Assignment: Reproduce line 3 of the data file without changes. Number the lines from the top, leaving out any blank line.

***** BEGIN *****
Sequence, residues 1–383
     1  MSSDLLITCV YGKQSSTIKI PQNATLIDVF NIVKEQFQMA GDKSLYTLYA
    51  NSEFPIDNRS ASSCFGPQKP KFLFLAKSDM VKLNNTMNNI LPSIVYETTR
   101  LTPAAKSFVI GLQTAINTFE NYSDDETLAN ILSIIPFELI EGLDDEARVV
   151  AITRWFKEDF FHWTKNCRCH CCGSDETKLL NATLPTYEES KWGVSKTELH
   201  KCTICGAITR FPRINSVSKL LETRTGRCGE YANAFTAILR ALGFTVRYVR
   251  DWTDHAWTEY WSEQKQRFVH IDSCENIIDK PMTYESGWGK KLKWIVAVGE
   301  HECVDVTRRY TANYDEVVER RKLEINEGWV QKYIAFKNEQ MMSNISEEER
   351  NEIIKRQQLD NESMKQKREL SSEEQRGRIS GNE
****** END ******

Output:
    51  NSEFPIDNRS ASSCFGPQKP KFLFLAKSDM VKLNNTMNNI LPSIVYETTR